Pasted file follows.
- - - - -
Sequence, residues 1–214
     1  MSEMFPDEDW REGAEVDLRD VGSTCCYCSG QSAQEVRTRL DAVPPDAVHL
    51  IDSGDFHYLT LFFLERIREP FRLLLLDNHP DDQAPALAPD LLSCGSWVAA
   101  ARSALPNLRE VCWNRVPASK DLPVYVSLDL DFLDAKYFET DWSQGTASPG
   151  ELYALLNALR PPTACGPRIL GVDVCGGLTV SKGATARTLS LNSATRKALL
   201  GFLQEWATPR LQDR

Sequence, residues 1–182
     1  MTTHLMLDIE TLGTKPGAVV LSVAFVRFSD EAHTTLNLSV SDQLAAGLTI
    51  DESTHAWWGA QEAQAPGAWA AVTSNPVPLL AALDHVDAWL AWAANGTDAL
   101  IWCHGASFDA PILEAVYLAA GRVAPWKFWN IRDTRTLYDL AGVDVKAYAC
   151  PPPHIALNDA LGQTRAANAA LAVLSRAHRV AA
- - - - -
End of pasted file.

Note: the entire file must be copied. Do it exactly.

Sequence, residues 1–214
     1  MSEMFPDEDW REGAEVDLRD VGSTCCYCSG QSAQEVRTRL DAVPPDAVHL
    51  IDSGDFHYLT LFFLERIREP FRLLLLDNHP DDQAPALAPD LLSCGSWVAA
   101  ARSALPNLRE VCWNRVPASK DLPVYVSLDL DFLDAKYFET DWSQGTASPG
   151  ELYALLNALR PPTACGPRIL GVDVCGGLTV SKGATARTLS LNSATRKALL
   201  GFLQEWATPR LQDR

Sequence, residues 1–182
     1  MTTHLMLDIE TLGTKPGAVV LSVAFVRFSD EAHTTLNLSV SDQLAAGLTI
    51  DESTHAWWGA QEAQAPGAWA AVTSNPVPLL AALDHVDAWL AWAANGTDAL
   101  IWCHGASFDA PILEAVYLAA GRVAPWKFWN IRDTRTLYDL AGVDVKAYAC
   151  PPPHIALNDA LGQTRAANAA LAVLSRAHRV AA